So from that point on, my doctor started to mention bp meds. Of course I told her no, because my home readings on my monitor were always normal, and sometimes even on the low side. She had me bring in my monitor to see if it read correctly (it did) and had me take my bp at home every day for 3 months and keep a log which I had to bring in.

Aside from the usual spikes after exertion or an anxious episode, all was normal. So we left it at me monitoring at home and letting her know if there were any changes.

Next doctor visit (the one before my last one) she again needled me about meds. I had already begun to dread any visit because I KNEW that my bp would be high and that we would have the same go around again.

After that visit, I started having trouble with taking my bp on my monitor at home. If I thought about what I was doing and why (and try NOT to think about it!) my reading would be in the 130s/80s and the more I tried to calm myself and re-take it, the more anxious I became and the higher the reading got. I stopped when I had a 157/92 reading and had to take half a lorazepam.

I stopped monitoring for a few months until I could venture into the process again without immediately stressing out. For a couple of months, I actually did quite well. I had lost 25 lbs (went from a lifetime high of 160 to a 135), had cut out alcohol and salt, all in the hopes of having normal home readings and a not so high office reading. Home readings were back to normal, even a bit lower than they used to be because of lifestyle changes.

Then I had my doctor's visit (only a follow up for my anti depression meds) and my reading was 156/90 after the nurse took it. My doctor was alarmed, of course, and mentioned that she had read studies that even labile hypertension could be dangerous in the long term and really we should start on some meds, but low dose so I wouldn't 'bottom out' at home. She then took another reading which was by then 170/95.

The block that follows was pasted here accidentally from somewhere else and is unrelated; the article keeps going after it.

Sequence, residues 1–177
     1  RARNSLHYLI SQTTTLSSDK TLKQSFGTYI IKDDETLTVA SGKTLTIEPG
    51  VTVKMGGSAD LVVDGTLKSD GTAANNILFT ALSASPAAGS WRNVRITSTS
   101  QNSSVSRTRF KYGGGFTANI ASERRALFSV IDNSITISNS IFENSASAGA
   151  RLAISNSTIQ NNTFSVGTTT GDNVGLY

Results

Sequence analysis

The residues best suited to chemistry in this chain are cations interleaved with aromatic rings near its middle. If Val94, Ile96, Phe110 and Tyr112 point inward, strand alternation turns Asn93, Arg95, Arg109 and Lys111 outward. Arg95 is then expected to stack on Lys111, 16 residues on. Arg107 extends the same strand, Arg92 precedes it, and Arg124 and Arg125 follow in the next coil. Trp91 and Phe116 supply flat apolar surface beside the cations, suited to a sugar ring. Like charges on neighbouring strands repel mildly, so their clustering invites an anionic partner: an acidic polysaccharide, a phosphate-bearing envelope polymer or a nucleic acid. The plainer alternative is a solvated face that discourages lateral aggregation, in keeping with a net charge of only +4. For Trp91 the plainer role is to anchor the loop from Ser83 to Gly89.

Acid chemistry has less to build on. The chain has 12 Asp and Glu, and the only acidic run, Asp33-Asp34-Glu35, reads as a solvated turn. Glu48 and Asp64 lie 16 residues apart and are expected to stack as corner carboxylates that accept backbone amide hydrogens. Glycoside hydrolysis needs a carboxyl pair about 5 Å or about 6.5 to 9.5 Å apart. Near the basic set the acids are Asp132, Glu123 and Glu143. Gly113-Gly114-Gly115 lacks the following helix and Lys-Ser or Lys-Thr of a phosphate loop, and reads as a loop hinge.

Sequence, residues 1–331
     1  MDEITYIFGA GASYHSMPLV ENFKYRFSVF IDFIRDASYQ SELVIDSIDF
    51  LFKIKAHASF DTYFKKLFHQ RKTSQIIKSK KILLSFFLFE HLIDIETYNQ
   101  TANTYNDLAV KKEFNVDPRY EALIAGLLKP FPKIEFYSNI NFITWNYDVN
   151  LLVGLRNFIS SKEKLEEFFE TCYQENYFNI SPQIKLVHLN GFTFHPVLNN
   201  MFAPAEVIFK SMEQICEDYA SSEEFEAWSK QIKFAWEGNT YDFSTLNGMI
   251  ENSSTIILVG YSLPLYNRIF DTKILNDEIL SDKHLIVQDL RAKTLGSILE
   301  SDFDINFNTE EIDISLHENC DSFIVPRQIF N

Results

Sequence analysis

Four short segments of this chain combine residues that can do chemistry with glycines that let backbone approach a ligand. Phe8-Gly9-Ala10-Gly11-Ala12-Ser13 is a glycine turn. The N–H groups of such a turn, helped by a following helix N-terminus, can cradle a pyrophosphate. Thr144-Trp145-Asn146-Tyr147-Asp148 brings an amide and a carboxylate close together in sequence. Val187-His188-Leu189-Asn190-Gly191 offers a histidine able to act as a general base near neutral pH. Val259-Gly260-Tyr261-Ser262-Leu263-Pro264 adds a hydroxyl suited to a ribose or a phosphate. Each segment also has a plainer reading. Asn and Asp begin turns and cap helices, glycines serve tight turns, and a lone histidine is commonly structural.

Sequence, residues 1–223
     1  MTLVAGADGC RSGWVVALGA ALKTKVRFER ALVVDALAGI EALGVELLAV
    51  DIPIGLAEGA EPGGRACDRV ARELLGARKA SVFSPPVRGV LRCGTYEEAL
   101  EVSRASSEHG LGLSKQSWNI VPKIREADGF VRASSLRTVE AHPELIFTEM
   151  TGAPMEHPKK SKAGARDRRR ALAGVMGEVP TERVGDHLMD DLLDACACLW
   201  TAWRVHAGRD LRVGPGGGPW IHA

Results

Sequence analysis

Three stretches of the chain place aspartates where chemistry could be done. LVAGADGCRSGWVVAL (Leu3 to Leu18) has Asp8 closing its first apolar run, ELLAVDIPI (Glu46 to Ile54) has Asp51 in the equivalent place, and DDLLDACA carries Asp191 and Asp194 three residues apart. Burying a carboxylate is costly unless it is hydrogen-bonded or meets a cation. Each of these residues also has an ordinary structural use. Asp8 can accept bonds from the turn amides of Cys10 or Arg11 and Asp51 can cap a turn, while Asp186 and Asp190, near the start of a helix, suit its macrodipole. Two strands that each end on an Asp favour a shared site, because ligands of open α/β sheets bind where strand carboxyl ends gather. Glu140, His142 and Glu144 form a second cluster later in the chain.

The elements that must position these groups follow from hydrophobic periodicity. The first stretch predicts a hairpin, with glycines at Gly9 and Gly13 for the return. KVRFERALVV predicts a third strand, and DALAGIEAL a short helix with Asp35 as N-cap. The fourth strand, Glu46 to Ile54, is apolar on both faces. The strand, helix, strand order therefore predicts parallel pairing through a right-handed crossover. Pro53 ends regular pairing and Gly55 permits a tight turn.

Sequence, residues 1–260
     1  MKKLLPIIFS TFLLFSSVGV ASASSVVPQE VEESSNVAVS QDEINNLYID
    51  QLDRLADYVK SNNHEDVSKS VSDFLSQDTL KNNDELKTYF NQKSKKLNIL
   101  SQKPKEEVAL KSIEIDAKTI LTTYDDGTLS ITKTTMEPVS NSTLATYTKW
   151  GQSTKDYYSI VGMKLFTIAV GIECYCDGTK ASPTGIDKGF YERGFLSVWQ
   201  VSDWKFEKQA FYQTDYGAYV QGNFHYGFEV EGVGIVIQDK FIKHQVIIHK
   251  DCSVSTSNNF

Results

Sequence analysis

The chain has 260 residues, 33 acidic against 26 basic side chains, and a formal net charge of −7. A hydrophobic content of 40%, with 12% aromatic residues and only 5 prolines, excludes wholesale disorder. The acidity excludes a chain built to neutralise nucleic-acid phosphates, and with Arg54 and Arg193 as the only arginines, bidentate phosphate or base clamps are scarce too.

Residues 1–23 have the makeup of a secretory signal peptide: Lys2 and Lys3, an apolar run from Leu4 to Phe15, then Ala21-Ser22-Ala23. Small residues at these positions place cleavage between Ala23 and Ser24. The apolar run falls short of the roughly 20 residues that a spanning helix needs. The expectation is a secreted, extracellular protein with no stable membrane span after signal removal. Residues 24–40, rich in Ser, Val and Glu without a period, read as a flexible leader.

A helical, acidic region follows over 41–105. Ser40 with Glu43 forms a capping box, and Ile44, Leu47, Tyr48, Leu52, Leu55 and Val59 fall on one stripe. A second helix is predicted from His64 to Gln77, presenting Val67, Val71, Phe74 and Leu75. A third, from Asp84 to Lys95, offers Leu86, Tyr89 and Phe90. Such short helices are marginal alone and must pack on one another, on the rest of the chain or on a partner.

Now I was beginning to think that there was no way to avoid it anymore and my fate would be to drop dead at home because of the bp drugs. My doctor asked if I could go home, take a reading and call it in right after I got home. Of course I ended up with 162/95 because I was still reeling from the visit.

This was three days ago. I have not had a normal reading since then, (even bought a brand new monitor) because every time I even put the cuff on, I get butterflies.

So now I'm at the end of my rope. I don't want to measure my blood pressure anymore. Not at home, not at the doctor's office. If I can be 51, a healthy weight at 5'7", eat rabbit food, exercise every day, and my physician STILL thinks I need to be on medication, what's the point anymore? I wish she would entertain some other avenues to find out just why my bp spikes like that instead of immediately jumping on meds.



May 10, 2018
Not doing it NEW
by: Anonymous

38 years old and can't stand it. I bought a machine to test myself at home, but could not do it.

The sight of it literally scares me.

Due one shortly for work, think I might flat out refuse. I figure them telling me it's high will make it higher, that can't be good.

May 15, 2018
omg I'm not alone NEW
by: Anonymous

any SF bay area here? I am scared of BP machine. Just thinking about taking BP makes my palm sweat. I am getting anxious now reading this post.

May 15, 2018
Snuck up on it! NEW
by: Anonymous

Same problem as everyone else. No solution until the other day. Quite by accident to, Was sat doc's office for routine stuff.

I had previously told all the medical people about my problem and they were content with me telling them "My bp is ok - I checked this morning before coming in (I hadn't just a little white lie)."